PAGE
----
John 20:19-31 (NRSV)
Jesus Appears to the Disciples
19 When it was evening on that day, the first day of the week, and the doors of the house where the disciples had met were locked for fear of the Jews, Jesus came and stood among them and said, “Peace be with you.” 20 After he said this, he showed them his hands and his side. Then the disciples rejoiced when they saw the Lord. 21 Jesus said to them again, “Peace be with you. As the Father has sent me, so I send you.” 22 When he had said this, he breathed on them and said to them, “Receive the Holy Spirit. 23 If you forgive the sins of any, they are forgiven them; if you retain the sins of any, they are retained.”
Jesus and Thomas
24 But Thomas (who was called the Twin), one of the twelve, was not with them when Jesus came. 25 So the other disciples told him, “We have seen the Lord.” But he said to them, “Unless I see the mark of the nails in his hands, and put my finger in the mark of the nails and my hand in his side, I will not believe.”
26 A week later his disciples were again in the house, and Thomas was with them. Although the doors were shut, Jesus came and stood among them and said, “Peace be with you.” 27 Then he said to Thomas, “Put your finger here and see my hands. Reach out your hand and put it in my side. Do not doubt but believe.” 28 Thomas answered him, “My Lord and my God!” 29 Jesus said to him, “Have you believed because you have seen me? Blessed are those who have not seen and yet have come to believe.”
The Purpose of This Book
30 Now Jesus did many other signs in the presence of his disciples, which are not written in this book. 31 But these are written so that you may come to believe that Jesus is the Messiah, the Son of God, and that through believing you may have life in his name.
I feel like it’s hard to resonate with just how scared the disciples were, locked away in that room most likely fearing for their lives. They had seen Jesus led away, some had seen him crucified and Peter and John had seen an empty tomb. We must not assume they thought something hopeful was coming. They most likely thought the body was stolen and that they perhaps would be the ones held to account. Whatever was going on for them; they were scared.
Sometimes when I hear the Easter story told, it feels like it goes too fast. When Jesus dies, most stories or productions have him raised very quickly. The lights go dark for maybe 10 seconds and then ‘lights’ - he’s alive, hallelujah! But it just wasn’t quite like that. We forget Saturday. The sadness, the fear, the despondency and the guttural grief. Two of their close friends were dead, one took his own life and the other had his life taken from him. And they were in fear of their own lives now.
The first part of the story has the disciples in the room, apart from Thomas. Thomas, the one who is called the ‘doubter’. His name actually means ‘twin’, we have no idea if he was a twin or whether more likely it was a nickname for him. It seems like when he is called ‘doubting Thomas’ that it is a slur. It’s as if he is frowned upon for his questioning. Doubting gets a bad name in Christianity. Often Christians seem to set it up that certainty is the opposite of unbelief, when in fact it is faith or belief, not certainty that we are called to. A doubt in the form of a question seems like an invitation to discovery; it’s not something to be afraid of. It’s something to be commended.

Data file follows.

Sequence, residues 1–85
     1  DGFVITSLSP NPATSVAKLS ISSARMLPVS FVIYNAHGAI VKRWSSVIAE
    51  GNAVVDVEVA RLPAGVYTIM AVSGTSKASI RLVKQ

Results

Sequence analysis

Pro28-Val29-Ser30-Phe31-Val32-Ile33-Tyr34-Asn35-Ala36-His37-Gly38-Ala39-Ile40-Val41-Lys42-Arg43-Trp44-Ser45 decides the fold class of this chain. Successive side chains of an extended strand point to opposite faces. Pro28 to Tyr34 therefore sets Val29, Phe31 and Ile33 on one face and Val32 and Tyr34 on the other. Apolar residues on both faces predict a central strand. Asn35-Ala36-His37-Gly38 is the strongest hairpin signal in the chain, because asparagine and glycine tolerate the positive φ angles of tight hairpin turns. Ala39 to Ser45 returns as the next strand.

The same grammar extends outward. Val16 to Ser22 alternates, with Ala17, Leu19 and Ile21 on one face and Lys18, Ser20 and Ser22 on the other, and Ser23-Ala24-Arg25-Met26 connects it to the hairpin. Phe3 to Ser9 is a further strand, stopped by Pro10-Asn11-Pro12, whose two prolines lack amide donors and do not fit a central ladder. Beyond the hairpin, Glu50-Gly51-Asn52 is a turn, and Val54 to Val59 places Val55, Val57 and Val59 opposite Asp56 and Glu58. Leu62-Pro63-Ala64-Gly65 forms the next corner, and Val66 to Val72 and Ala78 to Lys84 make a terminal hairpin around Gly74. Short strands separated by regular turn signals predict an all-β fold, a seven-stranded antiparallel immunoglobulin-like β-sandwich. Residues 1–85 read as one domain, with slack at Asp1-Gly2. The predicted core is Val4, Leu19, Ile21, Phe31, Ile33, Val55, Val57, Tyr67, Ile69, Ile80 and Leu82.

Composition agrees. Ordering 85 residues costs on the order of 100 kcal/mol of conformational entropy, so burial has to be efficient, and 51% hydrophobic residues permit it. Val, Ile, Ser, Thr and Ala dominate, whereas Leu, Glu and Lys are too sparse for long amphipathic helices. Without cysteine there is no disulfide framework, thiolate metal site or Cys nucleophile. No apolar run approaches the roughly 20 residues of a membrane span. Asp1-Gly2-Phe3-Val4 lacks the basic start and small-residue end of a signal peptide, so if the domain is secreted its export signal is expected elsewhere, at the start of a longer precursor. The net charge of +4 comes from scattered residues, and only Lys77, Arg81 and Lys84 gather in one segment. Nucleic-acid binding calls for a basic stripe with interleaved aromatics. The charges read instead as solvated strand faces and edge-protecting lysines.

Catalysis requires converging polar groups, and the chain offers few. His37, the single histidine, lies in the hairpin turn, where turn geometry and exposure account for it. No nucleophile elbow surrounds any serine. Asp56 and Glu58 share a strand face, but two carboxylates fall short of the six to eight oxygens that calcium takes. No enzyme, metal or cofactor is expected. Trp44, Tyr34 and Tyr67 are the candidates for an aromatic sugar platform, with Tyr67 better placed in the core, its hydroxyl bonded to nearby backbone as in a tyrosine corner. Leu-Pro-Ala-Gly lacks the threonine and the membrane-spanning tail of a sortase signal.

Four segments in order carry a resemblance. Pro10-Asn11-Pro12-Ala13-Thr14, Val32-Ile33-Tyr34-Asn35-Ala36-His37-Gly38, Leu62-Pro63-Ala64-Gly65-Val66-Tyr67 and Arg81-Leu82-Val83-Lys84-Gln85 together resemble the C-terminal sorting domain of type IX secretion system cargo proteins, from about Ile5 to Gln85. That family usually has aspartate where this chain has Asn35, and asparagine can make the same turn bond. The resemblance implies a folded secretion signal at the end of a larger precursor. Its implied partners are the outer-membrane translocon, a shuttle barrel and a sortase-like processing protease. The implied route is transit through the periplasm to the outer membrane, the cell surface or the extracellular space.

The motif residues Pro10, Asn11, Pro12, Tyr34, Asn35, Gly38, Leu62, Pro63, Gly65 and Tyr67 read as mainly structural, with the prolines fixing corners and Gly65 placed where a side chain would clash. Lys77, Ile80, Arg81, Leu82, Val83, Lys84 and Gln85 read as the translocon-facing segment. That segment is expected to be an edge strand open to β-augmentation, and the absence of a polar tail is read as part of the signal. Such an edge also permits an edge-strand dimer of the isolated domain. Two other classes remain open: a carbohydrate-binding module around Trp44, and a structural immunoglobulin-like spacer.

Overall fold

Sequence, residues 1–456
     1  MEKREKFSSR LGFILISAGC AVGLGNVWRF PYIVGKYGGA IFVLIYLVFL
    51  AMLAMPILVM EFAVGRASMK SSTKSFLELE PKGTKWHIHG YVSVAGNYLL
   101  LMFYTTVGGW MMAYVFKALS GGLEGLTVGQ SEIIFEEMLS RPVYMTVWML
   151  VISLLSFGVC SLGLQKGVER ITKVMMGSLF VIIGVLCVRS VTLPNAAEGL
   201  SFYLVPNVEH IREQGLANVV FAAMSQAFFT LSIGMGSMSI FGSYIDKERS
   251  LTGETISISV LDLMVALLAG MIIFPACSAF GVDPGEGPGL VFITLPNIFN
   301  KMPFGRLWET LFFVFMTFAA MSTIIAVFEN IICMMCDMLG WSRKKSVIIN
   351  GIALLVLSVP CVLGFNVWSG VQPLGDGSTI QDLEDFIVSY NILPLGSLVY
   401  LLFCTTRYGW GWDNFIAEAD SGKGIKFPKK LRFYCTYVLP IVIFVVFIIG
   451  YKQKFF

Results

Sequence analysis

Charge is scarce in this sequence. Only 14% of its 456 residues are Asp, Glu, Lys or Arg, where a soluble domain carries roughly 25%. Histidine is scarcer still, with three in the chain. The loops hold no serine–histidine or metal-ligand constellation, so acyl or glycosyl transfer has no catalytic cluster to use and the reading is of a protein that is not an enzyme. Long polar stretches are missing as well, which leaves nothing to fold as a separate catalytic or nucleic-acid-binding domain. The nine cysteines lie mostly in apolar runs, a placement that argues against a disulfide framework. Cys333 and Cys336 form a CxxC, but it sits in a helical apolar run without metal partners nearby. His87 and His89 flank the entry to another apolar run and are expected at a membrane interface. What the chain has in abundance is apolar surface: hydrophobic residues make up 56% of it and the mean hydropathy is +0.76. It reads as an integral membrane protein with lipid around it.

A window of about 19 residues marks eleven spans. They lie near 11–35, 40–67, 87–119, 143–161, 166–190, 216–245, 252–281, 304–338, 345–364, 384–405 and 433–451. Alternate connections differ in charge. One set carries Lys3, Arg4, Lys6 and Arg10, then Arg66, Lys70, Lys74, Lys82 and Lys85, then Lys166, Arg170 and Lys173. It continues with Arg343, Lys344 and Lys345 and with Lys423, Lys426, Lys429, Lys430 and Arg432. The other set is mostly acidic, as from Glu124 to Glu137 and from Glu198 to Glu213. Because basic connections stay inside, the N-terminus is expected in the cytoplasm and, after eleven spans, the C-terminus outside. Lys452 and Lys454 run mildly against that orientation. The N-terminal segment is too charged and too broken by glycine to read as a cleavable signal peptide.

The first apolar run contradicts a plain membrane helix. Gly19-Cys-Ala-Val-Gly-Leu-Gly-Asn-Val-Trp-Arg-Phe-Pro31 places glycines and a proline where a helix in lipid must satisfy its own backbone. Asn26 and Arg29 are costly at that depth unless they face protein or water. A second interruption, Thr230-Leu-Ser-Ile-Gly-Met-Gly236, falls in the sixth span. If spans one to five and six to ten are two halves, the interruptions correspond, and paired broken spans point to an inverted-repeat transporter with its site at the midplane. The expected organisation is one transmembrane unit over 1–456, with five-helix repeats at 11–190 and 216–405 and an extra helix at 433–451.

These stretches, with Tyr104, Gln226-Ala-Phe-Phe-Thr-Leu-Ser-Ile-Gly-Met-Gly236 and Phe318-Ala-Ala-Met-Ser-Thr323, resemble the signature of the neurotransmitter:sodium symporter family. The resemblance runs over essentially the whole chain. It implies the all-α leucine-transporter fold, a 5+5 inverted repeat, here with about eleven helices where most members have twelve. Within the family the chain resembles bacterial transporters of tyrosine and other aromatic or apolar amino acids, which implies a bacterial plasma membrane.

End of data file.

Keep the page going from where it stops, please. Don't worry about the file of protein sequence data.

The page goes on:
John is the only gospel with some vignettes of Thomas. His first introduction is in chapter 11 after Lazarus died. Some of the disciples are very hesitant of Jesus travelling to Bethany as it’s too dangerous. Thomas is the one who says to his fellow disciples “Let us also go, that we may die with Him.” I wonder did Thomas realise that there are worse things than death? Not truly living being one of them. Thomas seems brave and fearless here, and loyal.
Where is Thomas in the first part of this story when the disciples were locked in the room? Perhaps he was out continuing the work of Christ, perhaps he was hiding somewhere else. We don’t know. What we do know is that Thomas didn’t believe the disciples when they told him they had seen Jesus. I wonder was this due to the disciples apparently still being afraid so they weren't fully convincing. Maybe he doubted his friends instead of his Lord. Richard Rohr talks about how it is the willingness to live with bewilderment that characterises the true person. Bewilderment can lead us to fear or can move us towards wildness and life. I wonder was Thomas in this space, wanting the life that Jesus so often promised them. I love the response of Jesus to Thomas. He doesn’t chastise him for ‘not believing’ or shame him for it. He offers his wounded flesh. It is in this wounded flesh that Thomas receives the revelation that Jesus is God. The rising of Jesus doesn’t remove his wounds. They are still there and they are an invitation to who he is. The honesty and vulnerability of Thomas is responded to with vulnerability from Jesus; an offering of his wounds. Peace be with you. This is how Jesus comes to us in our doubts, he comes in peace and not vengeance. When we did our very worst to God, his response was forgiveness & redemption. His love is bigger than human violence and death and systems and beliefs that harm other people. We are called in turn to be a part of that movement of non-judgemental redemptive love. Will we leave the metaphorical upstairs room of fear and move towards the messiness and wildness of life and death around us with the message of Christ?
Ferg Breen is married with two kids and is a counsellor, psychotherapist, lecturer and pastor in Dublin. He also performs motivational seminars inspired solely by the work of David Brent.